The Widnes FC club emblem is one of the most recently designed in the Hallmark Security League, but harks back to times long ago.
One of the dominant geographical features of our region is the River Mersey. Mention of the Mersey reminds me of one of the most regularly asked questions in football related quizzes prior to May 2011 which is; Which is the closest League football ground to the River Mersey?
Some may think that the answer is Anfield or Goodison Park but, as many will know, the answer is Stockport County or was until County were relegated to the National League at the end of the 2010-11 season.
Stockport and Liverpool define the effective start and finish of the River Mersey, and the flow of the river from east to west takes in many of the towns represented by football teams in our League.
One such town is Widnes and we see a graphical representation of the River Mersey in the bottom third of the emblem.
The River Mersey derives its name from Anglo-Saxon and means boundary river, the boundary being that between the ancient kingdoms of Northumbria and Mercia.
Northumbria covered just about the whole of the North of England in Anglo-Saxon times, and is not to be confused with the somewhat more recently formed county of the same name.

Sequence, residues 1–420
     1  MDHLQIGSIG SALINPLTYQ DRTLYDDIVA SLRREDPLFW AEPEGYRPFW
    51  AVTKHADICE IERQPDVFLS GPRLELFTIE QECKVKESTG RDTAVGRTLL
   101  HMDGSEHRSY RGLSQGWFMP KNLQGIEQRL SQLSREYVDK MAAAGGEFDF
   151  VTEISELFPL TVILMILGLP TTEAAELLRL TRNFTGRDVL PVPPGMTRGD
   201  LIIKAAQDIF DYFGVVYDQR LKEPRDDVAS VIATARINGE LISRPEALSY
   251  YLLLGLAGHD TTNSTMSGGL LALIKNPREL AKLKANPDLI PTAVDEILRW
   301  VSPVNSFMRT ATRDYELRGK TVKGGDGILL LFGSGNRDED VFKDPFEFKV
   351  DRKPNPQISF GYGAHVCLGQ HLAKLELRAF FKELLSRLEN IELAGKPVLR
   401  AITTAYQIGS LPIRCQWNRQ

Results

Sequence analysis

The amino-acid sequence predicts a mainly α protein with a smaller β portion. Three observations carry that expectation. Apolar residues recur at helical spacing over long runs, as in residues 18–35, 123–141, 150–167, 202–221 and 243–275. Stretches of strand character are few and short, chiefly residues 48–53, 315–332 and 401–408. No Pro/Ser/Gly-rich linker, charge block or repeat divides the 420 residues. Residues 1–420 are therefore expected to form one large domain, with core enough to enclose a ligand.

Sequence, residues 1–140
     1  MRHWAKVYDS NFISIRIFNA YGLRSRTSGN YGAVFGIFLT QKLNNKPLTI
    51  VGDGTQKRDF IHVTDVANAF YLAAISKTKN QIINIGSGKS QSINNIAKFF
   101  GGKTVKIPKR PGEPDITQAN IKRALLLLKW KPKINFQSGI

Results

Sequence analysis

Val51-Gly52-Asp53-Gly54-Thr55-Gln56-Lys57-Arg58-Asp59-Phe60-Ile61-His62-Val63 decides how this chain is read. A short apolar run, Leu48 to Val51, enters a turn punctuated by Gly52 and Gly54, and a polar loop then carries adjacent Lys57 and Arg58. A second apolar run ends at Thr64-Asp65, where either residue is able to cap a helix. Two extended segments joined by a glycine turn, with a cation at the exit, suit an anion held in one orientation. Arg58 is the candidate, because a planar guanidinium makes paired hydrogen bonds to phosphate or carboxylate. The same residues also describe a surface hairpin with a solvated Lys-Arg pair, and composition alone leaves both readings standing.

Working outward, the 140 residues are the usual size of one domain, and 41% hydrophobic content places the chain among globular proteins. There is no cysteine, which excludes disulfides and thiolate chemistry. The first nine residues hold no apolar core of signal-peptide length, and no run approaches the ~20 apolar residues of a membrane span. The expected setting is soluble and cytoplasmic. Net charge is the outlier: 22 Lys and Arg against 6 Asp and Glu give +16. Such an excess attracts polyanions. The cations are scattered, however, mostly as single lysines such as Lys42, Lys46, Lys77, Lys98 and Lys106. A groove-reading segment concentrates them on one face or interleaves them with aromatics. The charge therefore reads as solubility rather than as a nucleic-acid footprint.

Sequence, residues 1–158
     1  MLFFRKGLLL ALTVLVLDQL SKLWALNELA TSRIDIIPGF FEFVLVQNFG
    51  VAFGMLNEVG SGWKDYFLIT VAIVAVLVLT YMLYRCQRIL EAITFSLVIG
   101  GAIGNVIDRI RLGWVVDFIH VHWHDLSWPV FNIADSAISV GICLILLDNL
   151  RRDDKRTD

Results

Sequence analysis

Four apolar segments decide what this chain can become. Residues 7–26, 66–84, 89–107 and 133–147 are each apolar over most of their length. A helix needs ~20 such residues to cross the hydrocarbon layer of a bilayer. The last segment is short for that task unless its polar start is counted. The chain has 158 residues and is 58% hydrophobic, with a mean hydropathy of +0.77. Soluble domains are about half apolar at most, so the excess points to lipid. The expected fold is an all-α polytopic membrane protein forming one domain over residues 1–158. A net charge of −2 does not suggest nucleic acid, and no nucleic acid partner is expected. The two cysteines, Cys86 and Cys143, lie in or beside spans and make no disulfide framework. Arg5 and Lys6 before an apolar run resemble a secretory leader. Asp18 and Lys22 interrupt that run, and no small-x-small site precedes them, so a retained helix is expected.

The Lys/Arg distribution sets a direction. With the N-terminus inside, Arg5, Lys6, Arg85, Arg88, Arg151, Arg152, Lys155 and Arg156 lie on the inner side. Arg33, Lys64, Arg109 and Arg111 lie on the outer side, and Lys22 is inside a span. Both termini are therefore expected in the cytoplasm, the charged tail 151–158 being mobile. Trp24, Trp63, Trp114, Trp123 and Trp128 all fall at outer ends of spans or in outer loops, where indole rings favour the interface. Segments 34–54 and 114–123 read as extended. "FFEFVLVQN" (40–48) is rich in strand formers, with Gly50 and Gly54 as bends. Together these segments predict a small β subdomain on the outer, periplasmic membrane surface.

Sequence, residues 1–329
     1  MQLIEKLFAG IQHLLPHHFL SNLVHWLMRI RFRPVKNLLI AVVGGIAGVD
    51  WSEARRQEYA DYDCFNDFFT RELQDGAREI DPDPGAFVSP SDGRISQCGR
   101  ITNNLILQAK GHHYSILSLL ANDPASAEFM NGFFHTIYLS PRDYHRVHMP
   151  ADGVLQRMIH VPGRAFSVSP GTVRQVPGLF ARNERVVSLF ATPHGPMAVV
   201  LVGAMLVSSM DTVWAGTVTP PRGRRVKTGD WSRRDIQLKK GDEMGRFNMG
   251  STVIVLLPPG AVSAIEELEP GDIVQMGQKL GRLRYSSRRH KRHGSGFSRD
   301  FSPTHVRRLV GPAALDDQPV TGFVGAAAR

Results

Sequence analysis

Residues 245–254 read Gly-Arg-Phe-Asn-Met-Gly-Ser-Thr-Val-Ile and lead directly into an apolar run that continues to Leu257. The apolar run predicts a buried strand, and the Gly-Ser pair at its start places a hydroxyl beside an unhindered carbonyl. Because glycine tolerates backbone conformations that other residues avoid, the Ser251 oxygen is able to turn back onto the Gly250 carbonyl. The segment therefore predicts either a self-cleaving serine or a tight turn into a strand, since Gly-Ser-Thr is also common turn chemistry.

Mercia was made up of most of the Southern half of England, and there is reference to the name to this day as the West Mercia Police Force is responsible for policing in a large part of the West Midlands.
After the Viking Invasion in the 9th century, much of the country fell under the influence of Danelaw.
Danelaw can be described as a set of legal terms and definitions created in the treaties between the West-Saxon king, Alfred the Great, and the Danish warlord, Guthrum, written following Guthrum's defeat at the Battle of Edington in 878.
Part of the system of Danelaw involved Danegeld which, in part, was a system of taxation whereby money raised in England was sent to Denmark for, essentially, defensive purposes.
If anyone sees any parallels between this system, and that originally outlined by the Treaty of Rome (1957) and subsequent treaty amendments may not be too far off the mark although, so far as is recorded, there was no equivalent to Article 50 in Danelaw!
The relevance to all of this for Widnes is that the town lies north of the River Mersey which puts it into the Danelaw area and, hence, under the influence of Viking rule.
This is reflected in the incorporation of a Viking ship in the club emblem which reminds us that the club entered the North West Counties Football League as Widnes Vikings in time for the start of the 2013/14 season, and play at the Widnes Vikings RLFC stadium.
The dragon’s head on the prow of the Viking longboat is not exactly typical of standard representations of longboats. In this case it is entirely relevant, as it is a reference to the origins of Widnes FC in that the club originated as Dragons AFC, later Widnes Dragons, in 2003.
The motto – Et Quantum ad Affectum ut Provocarent (Latin) - can be translated as “To Challenge with Passion and Respect”. A sentiment which is entirely appropriate for a football club today.
The badge is described by the club as having been designed to be easily recognisable, replicated and communicated and, for me, it does exactly that, whilst respecting the history of both the town and the club.
(Our thanks to Bill Morley of Widnes FC for his contribution to this article).